Every time you create a new Block, you need to add it to the blocks list with blocks.Add. The loop should look something like this:

```for (int i = 0; i < 15; i++)
{
Block tempBlock = new Block(this);
tempBlock.position = new Vector2(64 + i * 64, 200);
}```

Once you create this list of blocks, it's time to draw them. In Game1.Draw, after ball.Draw, but before spriteBatch.End, add the following foreach loop:

```foreach (Block b in blocks)
{
b.Draw(spriteBatch);
}```

If you run the code now, you should see a row of red blocks, as shown in the following figure:

Now that you have the blocks drawing, you can add collision detection. It will be very similar to what you did for the paddle, except that in the case of a block, you want the ball to be able to collide with any of the four sides.

If the ball hits on the left or right side, you should negate the X direction; conversely, if it is at the top or bottom, you should negate the Y direction.

For now, you will just remove a block if it gets hit, so you don't need a frame counter as you used for the paddle.

I suggest drawing a diagram similar to the one for the paddle collision. Once you've figured out the collision ranges, it should be relatively straightforward to figure out which comparison checks you should make.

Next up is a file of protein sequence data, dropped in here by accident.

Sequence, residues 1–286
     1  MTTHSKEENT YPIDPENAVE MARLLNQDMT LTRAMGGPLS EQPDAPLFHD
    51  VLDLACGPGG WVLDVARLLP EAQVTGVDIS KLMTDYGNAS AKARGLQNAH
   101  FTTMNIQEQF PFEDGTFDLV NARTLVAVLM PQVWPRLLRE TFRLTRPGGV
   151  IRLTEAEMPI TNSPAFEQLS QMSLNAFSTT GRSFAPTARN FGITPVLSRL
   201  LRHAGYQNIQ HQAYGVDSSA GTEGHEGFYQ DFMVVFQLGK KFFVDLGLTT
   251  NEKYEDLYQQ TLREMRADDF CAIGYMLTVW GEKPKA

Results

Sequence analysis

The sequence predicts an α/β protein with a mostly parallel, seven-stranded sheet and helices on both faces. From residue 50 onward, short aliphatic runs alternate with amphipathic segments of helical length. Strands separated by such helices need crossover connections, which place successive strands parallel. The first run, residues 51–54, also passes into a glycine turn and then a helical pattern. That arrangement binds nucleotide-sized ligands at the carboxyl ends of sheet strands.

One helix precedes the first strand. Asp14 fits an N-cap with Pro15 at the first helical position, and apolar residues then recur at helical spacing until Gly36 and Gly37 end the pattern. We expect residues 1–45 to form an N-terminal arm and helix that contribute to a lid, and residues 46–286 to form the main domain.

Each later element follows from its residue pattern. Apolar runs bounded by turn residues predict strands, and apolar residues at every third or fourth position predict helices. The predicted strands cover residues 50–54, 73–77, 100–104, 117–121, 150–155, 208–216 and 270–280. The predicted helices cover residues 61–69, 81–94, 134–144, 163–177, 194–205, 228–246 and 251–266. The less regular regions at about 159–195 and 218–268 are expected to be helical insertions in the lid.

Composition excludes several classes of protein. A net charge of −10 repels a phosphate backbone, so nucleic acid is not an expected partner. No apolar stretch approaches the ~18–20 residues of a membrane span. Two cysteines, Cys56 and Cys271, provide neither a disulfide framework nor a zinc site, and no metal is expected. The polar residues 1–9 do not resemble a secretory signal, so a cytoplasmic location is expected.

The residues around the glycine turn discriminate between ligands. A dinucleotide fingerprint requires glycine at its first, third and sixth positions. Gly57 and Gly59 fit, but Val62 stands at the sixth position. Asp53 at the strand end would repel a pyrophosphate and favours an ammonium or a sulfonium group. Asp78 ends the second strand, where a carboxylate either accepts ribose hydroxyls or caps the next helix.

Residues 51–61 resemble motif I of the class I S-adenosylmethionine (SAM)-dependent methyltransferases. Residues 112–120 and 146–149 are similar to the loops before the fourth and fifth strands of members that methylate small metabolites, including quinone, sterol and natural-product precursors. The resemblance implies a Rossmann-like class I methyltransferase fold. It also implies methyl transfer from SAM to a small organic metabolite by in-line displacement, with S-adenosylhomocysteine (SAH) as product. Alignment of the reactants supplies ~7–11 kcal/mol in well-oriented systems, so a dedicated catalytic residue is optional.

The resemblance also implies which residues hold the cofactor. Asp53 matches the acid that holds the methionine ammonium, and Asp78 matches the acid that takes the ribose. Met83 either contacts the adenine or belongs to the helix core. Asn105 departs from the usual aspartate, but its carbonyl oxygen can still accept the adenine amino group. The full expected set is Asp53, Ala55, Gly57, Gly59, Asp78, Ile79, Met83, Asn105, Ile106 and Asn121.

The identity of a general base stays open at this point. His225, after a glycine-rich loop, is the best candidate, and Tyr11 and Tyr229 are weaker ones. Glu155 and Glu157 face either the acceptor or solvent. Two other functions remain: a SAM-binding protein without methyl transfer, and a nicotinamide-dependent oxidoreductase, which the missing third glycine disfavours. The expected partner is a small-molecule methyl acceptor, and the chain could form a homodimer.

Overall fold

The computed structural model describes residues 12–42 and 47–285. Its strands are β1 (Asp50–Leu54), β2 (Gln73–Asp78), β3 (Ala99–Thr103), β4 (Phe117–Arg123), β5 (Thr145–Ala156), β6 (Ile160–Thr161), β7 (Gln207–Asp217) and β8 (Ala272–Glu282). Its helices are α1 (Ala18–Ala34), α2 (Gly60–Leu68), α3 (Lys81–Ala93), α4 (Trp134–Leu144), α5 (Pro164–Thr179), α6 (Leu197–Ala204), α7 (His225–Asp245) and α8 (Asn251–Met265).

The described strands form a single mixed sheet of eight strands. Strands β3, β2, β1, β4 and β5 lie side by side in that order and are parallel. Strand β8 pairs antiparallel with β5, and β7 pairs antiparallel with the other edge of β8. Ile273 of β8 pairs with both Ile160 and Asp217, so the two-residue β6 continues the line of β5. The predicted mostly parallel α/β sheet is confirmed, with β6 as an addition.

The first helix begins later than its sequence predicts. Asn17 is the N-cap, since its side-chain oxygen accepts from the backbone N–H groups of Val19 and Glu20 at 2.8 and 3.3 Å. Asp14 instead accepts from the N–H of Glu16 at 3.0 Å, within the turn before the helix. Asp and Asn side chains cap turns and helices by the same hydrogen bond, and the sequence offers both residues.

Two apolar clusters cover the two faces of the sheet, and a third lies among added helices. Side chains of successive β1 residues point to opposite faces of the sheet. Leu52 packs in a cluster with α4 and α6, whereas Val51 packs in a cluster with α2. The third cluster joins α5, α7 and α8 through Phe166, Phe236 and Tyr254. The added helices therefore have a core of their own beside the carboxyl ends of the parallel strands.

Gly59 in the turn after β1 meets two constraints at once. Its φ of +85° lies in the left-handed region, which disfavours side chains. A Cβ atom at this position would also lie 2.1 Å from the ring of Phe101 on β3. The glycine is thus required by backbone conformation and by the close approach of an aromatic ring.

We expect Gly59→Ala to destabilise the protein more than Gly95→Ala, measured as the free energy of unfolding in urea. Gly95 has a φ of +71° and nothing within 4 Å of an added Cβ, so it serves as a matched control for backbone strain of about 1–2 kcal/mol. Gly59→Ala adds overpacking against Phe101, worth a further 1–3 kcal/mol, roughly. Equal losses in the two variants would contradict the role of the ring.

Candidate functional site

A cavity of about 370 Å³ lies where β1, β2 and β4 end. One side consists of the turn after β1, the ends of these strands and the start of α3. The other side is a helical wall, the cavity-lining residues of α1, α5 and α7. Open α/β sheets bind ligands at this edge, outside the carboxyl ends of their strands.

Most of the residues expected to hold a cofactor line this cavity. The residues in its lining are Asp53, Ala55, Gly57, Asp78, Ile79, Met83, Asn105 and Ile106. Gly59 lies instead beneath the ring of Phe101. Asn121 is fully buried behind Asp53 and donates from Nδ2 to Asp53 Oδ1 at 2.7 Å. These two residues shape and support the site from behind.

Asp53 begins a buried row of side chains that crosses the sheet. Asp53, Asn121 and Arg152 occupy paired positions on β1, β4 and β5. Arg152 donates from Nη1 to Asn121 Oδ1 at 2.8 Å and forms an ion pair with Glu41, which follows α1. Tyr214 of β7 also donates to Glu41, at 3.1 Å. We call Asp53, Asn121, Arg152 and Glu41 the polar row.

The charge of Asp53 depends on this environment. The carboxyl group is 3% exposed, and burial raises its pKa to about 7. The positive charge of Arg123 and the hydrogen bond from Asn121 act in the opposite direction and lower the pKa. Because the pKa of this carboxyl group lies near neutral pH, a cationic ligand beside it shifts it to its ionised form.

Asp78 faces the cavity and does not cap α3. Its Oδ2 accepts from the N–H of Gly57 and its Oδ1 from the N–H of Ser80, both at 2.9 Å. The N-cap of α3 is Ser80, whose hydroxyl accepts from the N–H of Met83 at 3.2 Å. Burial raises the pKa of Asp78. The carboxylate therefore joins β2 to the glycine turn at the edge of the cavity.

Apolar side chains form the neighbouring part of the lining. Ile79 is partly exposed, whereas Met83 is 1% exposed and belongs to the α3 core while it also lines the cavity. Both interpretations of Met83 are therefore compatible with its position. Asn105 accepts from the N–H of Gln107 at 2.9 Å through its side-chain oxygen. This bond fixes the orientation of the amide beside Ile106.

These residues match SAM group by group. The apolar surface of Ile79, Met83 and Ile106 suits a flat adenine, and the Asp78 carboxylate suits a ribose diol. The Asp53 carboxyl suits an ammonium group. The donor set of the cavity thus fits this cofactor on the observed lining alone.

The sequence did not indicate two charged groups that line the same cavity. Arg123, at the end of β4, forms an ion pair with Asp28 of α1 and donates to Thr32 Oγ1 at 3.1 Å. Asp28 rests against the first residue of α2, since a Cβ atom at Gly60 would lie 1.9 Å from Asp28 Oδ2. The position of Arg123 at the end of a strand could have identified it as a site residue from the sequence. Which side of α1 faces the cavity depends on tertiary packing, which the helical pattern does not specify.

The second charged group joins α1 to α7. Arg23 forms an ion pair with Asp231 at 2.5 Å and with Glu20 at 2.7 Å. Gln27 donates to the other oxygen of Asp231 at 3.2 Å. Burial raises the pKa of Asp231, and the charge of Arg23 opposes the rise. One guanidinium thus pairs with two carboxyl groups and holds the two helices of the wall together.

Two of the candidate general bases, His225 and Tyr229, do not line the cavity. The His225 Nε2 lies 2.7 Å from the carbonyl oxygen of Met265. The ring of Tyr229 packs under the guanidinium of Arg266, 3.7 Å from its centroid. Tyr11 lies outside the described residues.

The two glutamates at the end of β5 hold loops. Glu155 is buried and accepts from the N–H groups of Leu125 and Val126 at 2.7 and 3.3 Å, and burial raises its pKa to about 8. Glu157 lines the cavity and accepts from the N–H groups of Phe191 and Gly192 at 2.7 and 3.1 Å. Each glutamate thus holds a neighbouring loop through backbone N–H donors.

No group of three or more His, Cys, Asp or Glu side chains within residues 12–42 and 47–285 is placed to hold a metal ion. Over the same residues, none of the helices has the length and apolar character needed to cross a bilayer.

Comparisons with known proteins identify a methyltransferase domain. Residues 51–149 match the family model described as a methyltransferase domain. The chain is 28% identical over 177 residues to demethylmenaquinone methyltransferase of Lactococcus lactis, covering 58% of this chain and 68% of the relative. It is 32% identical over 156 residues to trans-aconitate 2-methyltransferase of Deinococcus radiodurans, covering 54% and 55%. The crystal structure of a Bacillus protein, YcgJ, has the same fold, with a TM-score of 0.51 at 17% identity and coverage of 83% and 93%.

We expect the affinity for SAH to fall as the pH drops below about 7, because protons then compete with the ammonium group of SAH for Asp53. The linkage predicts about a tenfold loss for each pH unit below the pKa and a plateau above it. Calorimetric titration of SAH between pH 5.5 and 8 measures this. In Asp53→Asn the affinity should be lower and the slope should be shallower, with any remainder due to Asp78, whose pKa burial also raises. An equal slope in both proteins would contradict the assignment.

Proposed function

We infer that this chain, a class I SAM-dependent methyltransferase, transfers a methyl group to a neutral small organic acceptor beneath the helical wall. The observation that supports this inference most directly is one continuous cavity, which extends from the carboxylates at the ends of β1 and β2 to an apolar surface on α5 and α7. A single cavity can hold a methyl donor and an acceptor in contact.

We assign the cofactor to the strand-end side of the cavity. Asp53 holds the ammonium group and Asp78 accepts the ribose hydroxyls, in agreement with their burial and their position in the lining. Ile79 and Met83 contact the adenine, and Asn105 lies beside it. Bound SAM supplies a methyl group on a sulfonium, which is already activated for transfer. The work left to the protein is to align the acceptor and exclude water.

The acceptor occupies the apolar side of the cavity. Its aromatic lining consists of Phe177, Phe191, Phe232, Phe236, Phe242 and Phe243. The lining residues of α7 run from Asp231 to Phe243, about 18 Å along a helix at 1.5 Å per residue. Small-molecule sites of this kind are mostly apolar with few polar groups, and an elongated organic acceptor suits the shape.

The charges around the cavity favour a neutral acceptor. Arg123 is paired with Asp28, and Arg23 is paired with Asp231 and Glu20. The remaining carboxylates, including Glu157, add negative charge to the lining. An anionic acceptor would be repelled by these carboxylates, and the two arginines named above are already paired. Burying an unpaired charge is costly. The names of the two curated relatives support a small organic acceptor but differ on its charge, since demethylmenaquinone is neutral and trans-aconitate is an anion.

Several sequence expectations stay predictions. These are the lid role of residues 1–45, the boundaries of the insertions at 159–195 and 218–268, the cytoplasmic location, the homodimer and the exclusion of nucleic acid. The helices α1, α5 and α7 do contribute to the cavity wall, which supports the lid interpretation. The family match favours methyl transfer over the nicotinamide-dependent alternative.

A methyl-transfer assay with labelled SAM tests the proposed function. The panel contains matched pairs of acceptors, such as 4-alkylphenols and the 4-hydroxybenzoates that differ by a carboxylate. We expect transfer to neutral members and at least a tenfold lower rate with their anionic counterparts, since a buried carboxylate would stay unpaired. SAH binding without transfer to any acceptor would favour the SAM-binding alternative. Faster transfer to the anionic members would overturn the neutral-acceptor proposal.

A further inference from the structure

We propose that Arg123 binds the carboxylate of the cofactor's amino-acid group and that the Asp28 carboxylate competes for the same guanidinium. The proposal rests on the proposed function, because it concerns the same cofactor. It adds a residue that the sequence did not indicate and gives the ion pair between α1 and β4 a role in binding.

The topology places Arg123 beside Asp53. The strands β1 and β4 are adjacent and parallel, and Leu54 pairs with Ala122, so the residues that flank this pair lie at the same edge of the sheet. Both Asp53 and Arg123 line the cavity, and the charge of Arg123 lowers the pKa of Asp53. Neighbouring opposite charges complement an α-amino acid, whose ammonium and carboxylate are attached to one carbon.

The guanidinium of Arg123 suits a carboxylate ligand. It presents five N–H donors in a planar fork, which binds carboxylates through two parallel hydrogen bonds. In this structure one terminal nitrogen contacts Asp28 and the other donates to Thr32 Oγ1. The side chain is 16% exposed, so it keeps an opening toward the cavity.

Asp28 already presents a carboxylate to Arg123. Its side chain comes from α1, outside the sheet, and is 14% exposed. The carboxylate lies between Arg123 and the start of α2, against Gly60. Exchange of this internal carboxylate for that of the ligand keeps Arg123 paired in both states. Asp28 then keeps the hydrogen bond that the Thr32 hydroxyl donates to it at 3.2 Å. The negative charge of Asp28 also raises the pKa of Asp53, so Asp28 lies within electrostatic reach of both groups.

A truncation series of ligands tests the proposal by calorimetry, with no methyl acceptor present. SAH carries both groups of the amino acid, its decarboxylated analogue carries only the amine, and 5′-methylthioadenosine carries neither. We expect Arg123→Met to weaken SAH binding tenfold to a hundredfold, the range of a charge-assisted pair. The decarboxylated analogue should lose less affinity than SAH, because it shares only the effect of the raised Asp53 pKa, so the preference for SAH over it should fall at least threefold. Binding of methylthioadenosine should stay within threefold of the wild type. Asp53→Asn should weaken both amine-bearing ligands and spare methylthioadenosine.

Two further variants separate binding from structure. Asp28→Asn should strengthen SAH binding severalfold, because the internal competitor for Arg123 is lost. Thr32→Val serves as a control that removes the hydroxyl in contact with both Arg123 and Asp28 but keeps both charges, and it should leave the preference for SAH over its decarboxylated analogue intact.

You want to loop through each block and check to see whether a particular block collides with the ball. Because the ball can hit only one block at a time, you can break out of the loop when you detect the first collision.

One final issue is removing the block from the list. There's a Remove function you can call on the list that takes in the object you want to remove. The only problem, however, is you can't modify a container while iterating through it with foreach.

One way to solve this problem is to save off the Block you collide with into a temporary variable (that exists outside the scope of the foreach) and then remove that block (if it exists) after the loop is over.

It might take a little while to figure out the conditionals for the collision. After you do, you'll end up with a row of blocks that you can break.

In any event, that's it for this article. In Part 3 of this series, you'll add different color blocks, sound effects, and some fun power-ups that add variability to the game.